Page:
Friday, November 29 2013 5:02 PM EST2013-11-29 22:02:51 GMT
Nevadans are invited to observe World AIDS Day by participating in activities and outreach efforts to increase awareness and prevention of HIV/AIDS.More >>
Nevadans are invited to join public and private organizations to observe World AIDS Day by participating in activities and outreach efforts to increase awareness and prevention of HIV/AIDS.More >>
50-year-old Sylvia Paton can only see shadows with her left eye. She was born with an eye condition called Aniridia. "I can see greenery, I'm assuming it would be trees, I also see what is probably rooftops with small detail - below the rooftops."
Slowly she's been losing the rest of her sight because her eye has no way to control the light that comes through. That has damaged her cornea.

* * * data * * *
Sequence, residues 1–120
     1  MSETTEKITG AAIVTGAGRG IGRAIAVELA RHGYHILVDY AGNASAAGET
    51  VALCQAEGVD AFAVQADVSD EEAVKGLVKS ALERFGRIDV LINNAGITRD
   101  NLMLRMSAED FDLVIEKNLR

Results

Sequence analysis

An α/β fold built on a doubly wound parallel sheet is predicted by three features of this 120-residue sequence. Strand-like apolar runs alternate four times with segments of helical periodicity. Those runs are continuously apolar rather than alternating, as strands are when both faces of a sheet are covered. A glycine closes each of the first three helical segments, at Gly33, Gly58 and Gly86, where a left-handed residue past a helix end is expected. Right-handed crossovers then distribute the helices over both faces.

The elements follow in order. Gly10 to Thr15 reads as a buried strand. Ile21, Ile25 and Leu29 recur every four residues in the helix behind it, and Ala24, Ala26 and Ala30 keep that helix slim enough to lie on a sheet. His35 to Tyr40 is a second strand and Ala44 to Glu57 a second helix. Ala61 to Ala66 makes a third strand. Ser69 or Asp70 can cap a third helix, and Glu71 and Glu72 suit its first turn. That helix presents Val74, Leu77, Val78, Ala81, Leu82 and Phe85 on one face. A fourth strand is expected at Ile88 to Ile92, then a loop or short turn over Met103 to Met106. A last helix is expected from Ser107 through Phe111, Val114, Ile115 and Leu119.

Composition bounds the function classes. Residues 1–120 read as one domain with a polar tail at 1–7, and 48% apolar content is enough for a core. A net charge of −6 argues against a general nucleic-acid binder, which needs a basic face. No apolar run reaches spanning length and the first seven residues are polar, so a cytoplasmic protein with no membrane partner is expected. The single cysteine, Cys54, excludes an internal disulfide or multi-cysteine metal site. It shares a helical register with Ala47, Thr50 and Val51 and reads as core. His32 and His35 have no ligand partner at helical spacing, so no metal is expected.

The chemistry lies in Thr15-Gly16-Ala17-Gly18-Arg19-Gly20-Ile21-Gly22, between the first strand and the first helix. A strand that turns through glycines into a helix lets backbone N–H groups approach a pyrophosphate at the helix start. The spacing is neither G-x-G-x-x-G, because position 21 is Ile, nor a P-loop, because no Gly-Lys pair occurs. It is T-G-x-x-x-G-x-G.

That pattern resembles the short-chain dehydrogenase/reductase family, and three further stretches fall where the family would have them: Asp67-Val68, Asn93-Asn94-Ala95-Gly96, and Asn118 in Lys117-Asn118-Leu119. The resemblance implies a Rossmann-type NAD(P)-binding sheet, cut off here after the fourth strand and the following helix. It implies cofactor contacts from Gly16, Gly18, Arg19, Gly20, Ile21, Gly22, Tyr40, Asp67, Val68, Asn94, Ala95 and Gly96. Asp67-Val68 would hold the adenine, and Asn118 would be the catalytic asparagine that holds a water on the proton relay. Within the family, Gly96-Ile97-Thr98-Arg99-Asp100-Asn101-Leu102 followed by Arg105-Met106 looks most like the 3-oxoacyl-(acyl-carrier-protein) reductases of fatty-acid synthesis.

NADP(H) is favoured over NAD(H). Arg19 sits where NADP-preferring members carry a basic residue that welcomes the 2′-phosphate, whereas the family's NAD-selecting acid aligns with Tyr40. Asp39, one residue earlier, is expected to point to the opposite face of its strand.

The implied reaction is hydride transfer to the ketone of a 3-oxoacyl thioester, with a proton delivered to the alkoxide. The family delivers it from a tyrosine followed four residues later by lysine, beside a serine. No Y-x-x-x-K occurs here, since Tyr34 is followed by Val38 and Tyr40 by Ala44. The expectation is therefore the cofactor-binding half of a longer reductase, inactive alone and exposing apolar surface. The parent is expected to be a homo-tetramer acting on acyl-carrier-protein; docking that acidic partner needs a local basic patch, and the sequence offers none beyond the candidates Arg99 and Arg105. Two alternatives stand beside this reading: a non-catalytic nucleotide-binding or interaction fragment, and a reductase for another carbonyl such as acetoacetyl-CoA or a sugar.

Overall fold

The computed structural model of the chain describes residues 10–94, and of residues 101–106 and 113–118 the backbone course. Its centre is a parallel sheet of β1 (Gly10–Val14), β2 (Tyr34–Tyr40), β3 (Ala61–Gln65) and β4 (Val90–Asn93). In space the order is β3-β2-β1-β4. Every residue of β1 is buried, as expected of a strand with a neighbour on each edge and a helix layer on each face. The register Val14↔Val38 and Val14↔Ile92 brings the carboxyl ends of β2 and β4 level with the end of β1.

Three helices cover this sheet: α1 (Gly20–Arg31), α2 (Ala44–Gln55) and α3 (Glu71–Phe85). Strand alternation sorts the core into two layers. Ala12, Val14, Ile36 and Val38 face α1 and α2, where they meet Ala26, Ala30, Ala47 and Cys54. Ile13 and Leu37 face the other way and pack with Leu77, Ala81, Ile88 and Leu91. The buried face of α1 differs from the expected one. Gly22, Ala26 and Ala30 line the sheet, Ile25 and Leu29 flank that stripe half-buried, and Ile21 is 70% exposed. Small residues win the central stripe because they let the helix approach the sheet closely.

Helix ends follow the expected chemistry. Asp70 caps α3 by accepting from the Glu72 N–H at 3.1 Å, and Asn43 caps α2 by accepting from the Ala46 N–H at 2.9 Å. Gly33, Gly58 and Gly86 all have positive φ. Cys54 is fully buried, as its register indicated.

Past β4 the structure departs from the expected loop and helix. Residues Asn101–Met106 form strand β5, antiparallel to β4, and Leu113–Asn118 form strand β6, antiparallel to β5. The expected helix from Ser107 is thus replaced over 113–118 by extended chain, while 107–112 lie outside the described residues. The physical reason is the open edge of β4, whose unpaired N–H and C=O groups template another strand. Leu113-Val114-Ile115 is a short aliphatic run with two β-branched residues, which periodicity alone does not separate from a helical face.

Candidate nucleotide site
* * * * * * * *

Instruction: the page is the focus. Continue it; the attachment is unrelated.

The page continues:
Now she's taking part in a first of its kind experiment in Scotland where scientists are trying to restore some of her sight. Doctors transplanted stem cells into her eye that they hope will protect her cornea and repair the damage.
Scientists at a lab isolate cells from donors then grow them into tissue. "They do exactly what they do in life, they reproduce themselves and grow outwards over the surface," says researcher Bal Dhillion.
Until now a full cornea tissue transplant was the only treatment. "I think it will be a major step forward for the many hundreds and thousands of individuals who have problems with aniridia and other conditions scarring to the cornea," says Dr. Ashish Agrawal.
Sylvia has no regrets about having the experimental treatment. "I feel extremely excited and so honored to have the opportunity."
It will be months before doctors know if the procedure helped Sylvia.
One other person also took part in the Scottish study.